In response to the above statement, a reader emailed me the following question (re-posted here with their permission):

But don’t I have the right to feel sorry for myself if that’s what I feel like doing?

I am reposting my answer to them as today’s blog post since I think it raises an important distinction between rights and rewards.

You absolutely have the right to feel sorry for yourself if that’s what you choose to do.

You also have the right to invest in Fool’s gold. That doesn’t make it a profitable deal.

The right to do something doesn’t mean it’s going to be rewarding.

Successful people don’t just think about the rights they have. They also think about the results they want.

I have the right to complain out loud about whatever I want, whenever I want, however I want, and to whomever I want.

If I exercise that right without discernment and discretion, however, it will not only have an adverse effect on my relationships with others, but it will significantly undermine my personal efforts to create the kinds of results that matter most to me.

There is very little need, in today’s world, for you to defend your right to feel sorry for yourself. As things now stand, no one is going to fine you or imprison you for being “guilty” of self-pity.

Your desires, goals, and dreams, on the other hand, are very much in need of defending. Because if you don’t fight for the things you really want, then the unharnessed forces of time, chance, and circumstance will rob you of every opportunity. This isn’t because the universe is evil and just waiting for the right moment to crush you. It’s because life is reciprocal and you never get more out of it than what you put into it.

I do not condemn any emotional state. Whatever you feel, in my humble opinion, is intrinsically valid. Dwelling in a state of self-pity isn’t wrong.

Just remember: unless feeling sorry for yourself is your ultimate goal, self-pity is not a rewarding long-term investment.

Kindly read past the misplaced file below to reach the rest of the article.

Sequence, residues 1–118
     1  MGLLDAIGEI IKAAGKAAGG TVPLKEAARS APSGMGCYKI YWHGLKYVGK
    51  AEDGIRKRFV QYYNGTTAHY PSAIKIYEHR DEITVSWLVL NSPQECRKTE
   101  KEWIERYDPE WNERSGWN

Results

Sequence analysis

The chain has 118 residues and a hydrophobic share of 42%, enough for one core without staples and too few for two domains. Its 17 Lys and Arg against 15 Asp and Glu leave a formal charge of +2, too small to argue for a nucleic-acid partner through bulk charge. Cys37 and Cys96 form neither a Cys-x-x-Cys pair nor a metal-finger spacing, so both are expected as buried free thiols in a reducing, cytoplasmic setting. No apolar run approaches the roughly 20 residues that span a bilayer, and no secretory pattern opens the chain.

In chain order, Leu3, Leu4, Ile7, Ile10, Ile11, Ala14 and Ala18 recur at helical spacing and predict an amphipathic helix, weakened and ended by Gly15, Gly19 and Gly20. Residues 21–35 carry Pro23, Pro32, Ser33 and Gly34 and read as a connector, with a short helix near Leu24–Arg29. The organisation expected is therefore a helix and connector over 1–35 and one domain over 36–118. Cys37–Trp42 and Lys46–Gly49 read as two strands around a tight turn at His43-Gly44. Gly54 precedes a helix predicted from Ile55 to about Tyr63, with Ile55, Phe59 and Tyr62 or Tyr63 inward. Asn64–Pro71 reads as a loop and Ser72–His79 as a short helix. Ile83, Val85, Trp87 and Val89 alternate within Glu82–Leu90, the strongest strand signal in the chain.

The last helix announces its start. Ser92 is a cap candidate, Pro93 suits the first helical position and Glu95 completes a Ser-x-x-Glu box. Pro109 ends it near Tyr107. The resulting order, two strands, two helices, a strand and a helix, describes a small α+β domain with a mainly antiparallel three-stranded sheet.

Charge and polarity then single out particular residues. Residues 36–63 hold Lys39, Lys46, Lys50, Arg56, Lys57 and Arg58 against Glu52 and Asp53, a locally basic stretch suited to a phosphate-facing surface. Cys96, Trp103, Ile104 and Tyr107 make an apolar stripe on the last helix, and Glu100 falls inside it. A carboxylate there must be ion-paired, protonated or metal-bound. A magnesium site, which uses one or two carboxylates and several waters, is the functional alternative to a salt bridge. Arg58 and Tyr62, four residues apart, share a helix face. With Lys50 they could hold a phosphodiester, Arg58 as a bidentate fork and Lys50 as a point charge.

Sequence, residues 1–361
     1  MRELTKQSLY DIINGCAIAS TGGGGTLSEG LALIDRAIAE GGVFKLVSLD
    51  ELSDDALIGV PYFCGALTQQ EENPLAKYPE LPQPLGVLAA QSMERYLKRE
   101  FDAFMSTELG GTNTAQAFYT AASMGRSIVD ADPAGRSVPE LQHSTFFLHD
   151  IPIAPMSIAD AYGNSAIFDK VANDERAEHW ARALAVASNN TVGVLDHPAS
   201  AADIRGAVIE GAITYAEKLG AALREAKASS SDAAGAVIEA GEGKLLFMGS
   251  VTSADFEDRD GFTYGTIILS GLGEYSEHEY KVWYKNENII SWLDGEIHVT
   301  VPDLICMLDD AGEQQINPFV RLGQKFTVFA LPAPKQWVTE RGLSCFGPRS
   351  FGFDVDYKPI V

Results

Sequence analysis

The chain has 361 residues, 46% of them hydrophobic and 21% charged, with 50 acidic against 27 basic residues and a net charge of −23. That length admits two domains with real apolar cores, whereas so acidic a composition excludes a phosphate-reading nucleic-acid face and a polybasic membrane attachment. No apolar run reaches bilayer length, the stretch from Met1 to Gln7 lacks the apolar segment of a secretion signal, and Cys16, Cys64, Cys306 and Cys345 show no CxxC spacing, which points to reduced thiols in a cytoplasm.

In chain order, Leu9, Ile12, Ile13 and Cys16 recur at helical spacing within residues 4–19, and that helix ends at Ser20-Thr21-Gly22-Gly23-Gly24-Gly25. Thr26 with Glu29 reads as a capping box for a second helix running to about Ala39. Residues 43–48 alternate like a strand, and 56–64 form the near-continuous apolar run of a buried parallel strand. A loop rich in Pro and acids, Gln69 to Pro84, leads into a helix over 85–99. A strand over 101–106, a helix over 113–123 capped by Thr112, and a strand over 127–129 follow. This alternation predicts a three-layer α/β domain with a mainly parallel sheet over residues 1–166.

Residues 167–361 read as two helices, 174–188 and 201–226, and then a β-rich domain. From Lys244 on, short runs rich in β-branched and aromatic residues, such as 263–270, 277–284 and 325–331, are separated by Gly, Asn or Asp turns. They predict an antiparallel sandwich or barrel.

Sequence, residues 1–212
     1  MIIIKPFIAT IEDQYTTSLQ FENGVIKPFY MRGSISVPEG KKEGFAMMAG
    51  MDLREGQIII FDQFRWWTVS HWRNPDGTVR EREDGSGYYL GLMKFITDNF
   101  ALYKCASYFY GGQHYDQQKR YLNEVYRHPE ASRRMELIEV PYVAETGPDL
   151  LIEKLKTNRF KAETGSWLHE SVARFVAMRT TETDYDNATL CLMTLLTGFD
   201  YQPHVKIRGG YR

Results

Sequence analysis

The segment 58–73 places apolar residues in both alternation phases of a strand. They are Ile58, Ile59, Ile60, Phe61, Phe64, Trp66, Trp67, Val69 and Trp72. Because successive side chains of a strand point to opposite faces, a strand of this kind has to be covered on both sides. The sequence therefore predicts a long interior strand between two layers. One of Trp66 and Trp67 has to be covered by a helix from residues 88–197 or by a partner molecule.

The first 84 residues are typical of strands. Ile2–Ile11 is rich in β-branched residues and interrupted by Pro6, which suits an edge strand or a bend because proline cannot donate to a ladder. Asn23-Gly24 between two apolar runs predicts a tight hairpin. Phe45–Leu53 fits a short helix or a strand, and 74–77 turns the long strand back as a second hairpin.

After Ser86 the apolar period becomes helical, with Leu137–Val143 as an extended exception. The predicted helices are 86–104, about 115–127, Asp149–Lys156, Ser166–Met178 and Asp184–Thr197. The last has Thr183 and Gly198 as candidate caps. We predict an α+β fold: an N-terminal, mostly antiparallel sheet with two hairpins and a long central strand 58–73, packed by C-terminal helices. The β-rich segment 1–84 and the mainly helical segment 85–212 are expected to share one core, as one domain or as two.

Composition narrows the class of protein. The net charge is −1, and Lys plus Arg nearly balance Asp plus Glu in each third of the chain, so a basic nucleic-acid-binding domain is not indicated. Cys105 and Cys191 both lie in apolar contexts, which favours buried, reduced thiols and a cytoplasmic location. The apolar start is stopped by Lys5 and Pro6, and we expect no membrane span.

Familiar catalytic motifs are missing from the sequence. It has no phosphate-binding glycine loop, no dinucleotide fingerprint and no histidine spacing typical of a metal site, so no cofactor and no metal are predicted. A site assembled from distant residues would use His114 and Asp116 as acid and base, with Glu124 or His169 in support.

P.S. If you feel “stuck” in a state of self-pity and you want out, I encourage you to share this need with any trustworthy friends or family members who will listen. Talk to a professional (even if you can’t afford to hire them) and get their advice on how you can cope with your situation given the unique circumstances and conditions of your life.

Don’t be fooled by pity


“Pity is the most agreeable feeling among those who have little pride and no prospects of great conquests.” -Friedrich Nietzsche 

If you choose to identify yourself as a victim, people will feel sorry for you (if you’re lucky), but they wont feel sorry enough.

No matter how much sympathy others may display for your sorrows, they will always return, in the end, to a place of focusing on their own problems and their own dreams.

Self-pity is like fool’s gold. it attracts a lot of attention, but ultimately, you can’t cash it in.

It reminds me of the toy money my parents would let me play with when I was a kid. It felt good to wallow around in it for awhile, but it had no real purchasing power. The moment I tried to do something practical with it, I immediately discovered how useless it was.

if you have plans to sit around feeling sorry for yourself, don’t expect a big payoff.

No one has ever created a life of beauty or bliss through brooding and sulking.

Pity has no power. Only self-determination has power.

Don’t be pitiful. Be powerful.




Back To Top